Integrative Approach to Psoriasis Vulgaris

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Abstract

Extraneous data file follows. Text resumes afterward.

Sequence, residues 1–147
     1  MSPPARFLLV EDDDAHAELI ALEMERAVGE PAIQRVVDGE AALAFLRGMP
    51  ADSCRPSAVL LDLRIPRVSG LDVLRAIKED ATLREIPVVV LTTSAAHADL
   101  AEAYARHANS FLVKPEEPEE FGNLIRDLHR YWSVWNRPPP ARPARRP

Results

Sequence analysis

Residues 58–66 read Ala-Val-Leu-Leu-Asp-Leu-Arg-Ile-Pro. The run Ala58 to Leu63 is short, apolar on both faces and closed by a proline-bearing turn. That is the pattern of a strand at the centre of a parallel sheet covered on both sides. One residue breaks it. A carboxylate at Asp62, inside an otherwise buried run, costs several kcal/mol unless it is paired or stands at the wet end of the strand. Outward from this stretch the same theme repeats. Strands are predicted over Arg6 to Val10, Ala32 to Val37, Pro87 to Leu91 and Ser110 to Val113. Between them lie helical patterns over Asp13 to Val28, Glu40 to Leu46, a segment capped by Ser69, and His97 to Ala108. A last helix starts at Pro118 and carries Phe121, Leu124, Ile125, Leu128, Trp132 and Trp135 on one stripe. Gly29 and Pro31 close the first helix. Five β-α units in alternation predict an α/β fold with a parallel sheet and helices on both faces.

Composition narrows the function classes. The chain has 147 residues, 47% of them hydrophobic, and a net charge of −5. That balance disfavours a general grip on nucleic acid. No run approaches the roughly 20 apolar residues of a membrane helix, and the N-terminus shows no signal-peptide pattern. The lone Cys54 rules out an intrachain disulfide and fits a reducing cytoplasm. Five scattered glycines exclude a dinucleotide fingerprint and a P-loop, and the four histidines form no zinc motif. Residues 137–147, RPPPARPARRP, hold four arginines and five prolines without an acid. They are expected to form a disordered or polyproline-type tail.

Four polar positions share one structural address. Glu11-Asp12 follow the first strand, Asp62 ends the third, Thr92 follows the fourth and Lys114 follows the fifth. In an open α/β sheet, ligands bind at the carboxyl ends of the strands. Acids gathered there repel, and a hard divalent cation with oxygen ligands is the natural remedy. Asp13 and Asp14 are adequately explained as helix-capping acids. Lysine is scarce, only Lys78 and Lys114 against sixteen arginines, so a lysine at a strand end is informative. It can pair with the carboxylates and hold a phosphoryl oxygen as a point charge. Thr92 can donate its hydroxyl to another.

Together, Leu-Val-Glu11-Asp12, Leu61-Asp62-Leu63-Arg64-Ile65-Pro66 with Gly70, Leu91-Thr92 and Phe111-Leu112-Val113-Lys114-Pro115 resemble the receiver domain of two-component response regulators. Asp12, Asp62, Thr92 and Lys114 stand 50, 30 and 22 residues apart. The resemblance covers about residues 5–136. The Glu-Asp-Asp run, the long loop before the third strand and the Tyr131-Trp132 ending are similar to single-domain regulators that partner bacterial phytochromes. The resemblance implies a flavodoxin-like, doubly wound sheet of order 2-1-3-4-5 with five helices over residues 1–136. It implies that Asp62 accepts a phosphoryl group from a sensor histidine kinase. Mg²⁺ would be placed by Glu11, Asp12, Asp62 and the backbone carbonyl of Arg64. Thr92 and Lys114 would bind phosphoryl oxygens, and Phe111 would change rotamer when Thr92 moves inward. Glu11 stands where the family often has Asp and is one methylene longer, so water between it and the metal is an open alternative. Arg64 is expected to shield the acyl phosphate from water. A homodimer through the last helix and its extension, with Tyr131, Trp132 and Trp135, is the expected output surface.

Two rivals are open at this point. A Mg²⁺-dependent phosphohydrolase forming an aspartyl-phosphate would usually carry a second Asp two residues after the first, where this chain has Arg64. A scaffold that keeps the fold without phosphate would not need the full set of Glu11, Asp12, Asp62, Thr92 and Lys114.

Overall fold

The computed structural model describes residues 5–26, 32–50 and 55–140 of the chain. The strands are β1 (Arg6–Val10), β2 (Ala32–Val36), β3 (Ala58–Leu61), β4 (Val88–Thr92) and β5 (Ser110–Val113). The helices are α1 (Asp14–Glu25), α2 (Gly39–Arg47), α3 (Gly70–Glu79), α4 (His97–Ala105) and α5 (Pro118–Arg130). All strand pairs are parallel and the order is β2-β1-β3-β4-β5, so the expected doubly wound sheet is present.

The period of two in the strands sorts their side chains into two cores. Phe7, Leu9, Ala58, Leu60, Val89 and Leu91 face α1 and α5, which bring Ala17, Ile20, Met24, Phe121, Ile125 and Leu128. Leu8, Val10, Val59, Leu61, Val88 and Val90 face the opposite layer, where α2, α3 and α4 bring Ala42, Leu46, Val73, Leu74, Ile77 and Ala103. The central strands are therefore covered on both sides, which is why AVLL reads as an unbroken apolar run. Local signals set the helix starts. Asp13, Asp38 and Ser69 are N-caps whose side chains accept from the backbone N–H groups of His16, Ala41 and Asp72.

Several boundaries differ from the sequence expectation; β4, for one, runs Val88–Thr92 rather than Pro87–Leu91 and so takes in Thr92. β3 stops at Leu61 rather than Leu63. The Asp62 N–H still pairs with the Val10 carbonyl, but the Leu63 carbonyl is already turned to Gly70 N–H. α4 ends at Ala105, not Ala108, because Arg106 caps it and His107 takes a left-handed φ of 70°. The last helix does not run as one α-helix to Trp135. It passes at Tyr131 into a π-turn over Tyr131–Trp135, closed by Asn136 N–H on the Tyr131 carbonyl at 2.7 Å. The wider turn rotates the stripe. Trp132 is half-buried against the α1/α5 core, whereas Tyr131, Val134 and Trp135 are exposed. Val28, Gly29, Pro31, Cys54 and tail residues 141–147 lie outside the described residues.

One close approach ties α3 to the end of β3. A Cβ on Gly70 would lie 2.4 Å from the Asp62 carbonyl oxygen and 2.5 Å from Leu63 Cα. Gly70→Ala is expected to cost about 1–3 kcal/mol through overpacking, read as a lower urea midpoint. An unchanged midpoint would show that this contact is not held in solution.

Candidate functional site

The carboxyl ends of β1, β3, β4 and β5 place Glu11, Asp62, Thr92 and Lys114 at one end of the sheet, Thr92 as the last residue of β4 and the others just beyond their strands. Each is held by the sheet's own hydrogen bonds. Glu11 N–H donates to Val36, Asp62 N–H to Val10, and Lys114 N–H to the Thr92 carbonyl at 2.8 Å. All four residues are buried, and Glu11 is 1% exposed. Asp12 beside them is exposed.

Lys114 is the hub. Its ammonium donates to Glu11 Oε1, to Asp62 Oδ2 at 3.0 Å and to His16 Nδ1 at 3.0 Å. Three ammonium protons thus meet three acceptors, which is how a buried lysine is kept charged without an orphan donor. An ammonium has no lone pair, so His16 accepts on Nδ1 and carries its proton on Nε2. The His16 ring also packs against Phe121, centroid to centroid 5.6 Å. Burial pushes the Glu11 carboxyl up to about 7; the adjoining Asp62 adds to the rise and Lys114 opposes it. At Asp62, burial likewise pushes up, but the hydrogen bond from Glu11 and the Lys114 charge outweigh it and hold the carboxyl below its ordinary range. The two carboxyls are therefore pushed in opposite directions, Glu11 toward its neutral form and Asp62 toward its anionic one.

In this article, we present a literature review of the most popular and commonly used therapeutic procedures belonging to complementary and alternative medicine, which is part of the modern concept of integrative medicine, used in the treatment of psoriasis. Psoriasis is a chronic, systemic, inflammatory disease wherein skin changes are the most visible sign. It occurs in approximately 1% to 3% of the world population, and the National Psoriasis Foundation of the United States estimates the number of patients in the whole world at about 125 million. Psoriasis primarily affects the skin, burdening patients with inflamed, pruritic, and sometimes painful lesions covered with whitish scales that last for years. Because of its prevalence in the general population, diversity of the clinical picture (from minimal and localized lesions without subjective symptoms to life-threatening conditions), and disease duration (practically a lifetime), psoriasis is a disease that has become a focus of modern medicine, and therapeutic options for the treatment of psoriasis are currently very numerous and diverse. Conventional treatment of psoriasis is guided by the so-called principle of “steps,” where treatment options are applied according to the severity of illness assessed by a physician. Apart from the official therapy for psoriasis, as it is defined and understood in modern developed societies, there exists in parallel a great number of traditional, complementary, and alternative psoriasis treatments, which are based on the beliefs, experiences, and theories inherent to different cultures; in this article, we have analyzed the literature related to some of these procedures.

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